CITES

New hope for seahorse conservation 18 years after CITES listing- Part 2

I’m on a plane again - this time heading home. I’m excited to get there - my cousin is getting married this weekend and so there’s lots to celebrate. But truthfully I’ve already been celebrating! Just as my cousins will soon embark on a new chapter in their lives, so have seahorses embarked on a new chapter in our efforts toward their conservation under The Convention on International Trade in Endangered Species (CITES).

New hope for seahorse conservation 18 years after CITES listing

I still vividly remember finding out that all seahorses had been listed on CITES*  Appendix II. It was November 2002 and I was in Chicago, sitting in the lobby of the Shedd Aquarium (a long time Project Seahorse partner). My phone rang. It was Amanda Vincent, Project Seahorse director, calling me from Chile to tell me the proposal had received the 2/3 majority vote needed to be brought into force. I was early in my career and had not been involved with CITES for very long – but I knew this was something to get excited about.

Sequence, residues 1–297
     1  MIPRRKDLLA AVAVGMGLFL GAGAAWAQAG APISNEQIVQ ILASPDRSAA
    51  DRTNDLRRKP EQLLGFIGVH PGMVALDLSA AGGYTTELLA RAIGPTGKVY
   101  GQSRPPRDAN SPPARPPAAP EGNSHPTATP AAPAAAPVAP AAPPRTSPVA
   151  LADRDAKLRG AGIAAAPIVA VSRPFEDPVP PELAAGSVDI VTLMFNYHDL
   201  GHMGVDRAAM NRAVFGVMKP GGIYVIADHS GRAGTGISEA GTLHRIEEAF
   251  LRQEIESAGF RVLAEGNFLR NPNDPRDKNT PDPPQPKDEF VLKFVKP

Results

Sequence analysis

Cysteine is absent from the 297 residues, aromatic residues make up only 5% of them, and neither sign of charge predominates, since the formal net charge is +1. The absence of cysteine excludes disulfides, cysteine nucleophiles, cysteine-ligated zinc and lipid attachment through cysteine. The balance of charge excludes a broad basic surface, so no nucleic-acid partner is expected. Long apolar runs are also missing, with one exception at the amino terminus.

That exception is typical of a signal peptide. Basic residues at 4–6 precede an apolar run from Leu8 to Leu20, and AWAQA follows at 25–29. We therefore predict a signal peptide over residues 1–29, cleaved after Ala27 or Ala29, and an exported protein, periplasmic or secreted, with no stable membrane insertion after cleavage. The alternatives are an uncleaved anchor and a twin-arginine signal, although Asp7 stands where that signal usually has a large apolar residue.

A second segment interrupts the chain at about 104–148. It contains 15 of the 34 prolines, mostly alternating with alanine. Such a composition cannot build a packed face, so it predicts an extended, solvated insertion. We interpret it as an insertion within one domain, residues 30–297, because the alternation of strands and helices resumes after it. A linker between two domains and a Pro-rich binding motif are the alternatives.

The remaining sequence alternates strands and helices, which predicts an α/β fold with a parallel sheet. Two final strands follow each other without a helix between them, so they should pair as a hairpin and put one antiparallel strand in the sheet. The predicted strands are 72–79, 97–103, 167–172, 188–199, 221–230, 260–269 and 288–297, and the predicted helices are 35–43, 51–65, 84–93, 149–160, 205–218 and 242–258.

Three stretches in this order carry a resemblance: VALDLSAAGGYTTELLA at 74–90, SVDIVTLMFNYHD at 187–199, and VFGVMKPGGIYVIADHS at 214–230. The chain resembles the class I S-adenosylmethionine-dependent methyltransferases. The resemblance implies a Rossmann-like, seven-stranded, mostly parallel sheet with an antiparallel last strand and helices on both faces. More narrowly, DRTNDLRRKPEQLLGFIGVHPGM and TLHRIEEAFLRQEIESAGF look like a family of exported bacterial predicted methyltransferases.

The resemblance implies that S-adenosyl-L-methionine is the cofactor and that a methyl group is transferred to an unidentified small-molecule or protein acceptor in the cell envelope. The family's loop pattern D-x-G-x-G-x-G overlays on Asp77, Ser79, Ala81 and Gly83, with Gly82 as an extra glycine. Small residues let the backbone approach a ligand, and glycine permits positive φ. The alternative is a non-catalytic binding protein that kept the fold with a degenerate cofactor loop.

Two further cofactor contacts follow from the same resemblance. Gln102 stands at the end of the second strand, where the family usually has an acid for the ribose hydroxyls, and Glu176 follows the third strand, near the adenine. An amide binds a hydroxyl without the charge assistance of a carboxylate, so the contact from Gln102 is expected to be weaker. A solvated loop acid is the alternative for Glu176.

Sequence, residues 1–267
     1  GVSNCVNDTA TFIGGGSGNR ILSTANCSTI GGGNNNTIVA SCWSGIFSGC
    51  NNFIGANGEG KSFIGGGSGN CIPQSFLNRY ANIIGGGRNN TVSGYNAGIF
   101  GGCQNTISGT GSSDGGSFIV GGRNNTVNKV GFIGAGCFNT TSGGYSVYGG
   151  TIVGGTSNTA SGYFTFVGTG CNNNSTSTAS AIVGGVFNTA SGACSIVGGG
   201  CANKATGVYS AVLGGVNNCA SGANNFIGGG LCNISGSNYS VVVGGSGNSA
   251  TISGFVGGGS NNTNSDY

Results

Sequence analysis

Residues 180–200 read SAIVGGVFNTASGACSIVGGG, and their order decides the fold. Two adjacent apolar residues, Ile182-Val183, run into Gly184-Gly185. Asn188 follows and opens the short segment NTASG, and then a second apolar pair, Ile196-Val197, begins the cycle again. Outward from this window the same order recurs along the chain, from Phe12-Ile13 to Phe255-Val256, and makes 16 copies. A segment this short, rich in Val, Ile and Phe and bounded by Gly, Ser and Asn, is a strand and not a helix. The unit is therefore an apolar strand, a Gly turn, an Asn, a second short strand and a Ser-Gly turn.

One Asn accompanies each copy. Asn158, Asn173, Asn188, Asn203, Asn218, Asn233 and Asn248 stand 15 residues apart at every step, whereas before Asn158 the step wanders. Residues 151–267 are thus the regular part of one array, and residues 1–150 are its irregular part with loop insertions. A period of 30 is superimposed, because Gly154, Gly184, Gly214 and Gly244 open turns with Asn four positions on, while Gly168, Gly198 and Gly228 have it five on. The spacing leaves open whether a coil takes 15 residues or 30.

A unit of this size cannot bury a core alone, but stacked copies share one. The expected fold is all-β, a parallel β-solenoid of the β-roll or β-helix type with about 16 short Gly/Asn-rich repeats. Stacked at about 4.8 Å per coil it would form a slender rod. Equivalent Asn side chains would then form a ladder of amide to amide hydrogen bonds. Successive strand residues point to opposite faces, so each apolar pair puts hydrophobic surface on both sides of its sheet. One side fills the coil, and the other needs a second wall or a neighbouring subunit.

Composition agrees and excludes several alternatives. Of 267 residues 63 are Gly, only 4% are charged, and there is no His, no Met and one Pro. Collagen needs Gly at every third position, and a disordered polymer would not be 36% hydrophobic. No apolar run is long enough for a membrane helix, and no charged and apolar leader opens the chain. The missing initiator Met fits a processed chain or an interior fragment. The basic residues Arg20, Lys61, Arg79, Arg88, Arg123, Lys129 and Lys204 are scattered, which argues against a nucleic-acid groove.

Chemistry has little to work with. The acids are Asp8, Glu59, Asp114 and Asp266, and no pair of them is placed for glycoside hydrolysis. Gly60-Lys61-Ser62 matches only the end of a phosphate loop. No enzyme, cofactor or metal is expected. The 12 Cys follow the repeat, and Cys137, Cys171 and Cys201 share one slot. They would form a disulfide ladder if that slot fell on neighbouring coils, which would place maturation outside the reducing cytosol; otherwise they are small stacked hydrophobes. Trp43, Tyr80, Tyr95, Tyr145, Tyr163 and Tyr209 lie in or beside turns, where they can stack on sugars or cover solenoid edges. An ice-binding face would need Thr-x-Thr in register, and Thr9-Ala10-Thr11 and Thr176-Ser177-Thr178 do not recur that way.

Searching for clues in the catch and trade of seahorses in Viet Nam 

This story begins in 1995 with Amanda Vincent and Marivic Pajaro uncovering a global seahorse trade of more than 15 million animals per year. Until then Viet Nam was reportedly a supplier of dried seahorses but little was known about the nature or magnitude of the trade, not to mention the status of the seven species of seahorses found along the shores of Viet Nam. 

Where conservation happens

Where conservation happens

When I left for the CITES CoP, I told my 5 year old son that I was going to a meeting where all the world’s countries were coming together to make sure that all the animals and plants around today would be around when he grew up – and I left South Africa still convinced that this is exactly the best way to describe the CoP. 

Getting excited about export regulation … really!!

Our job was to find common challenges and opportunities for managing wildlife trade among seahorses, sharks, rays, humphead wrasse, European eels, and sturgeons.  These very cool fishes are united as the first wave of fishes to come under global regulations, requiring that no export threaten wild populations.  While that sounds good, the challenge, as ever, lies in the implementation … and that was our focus.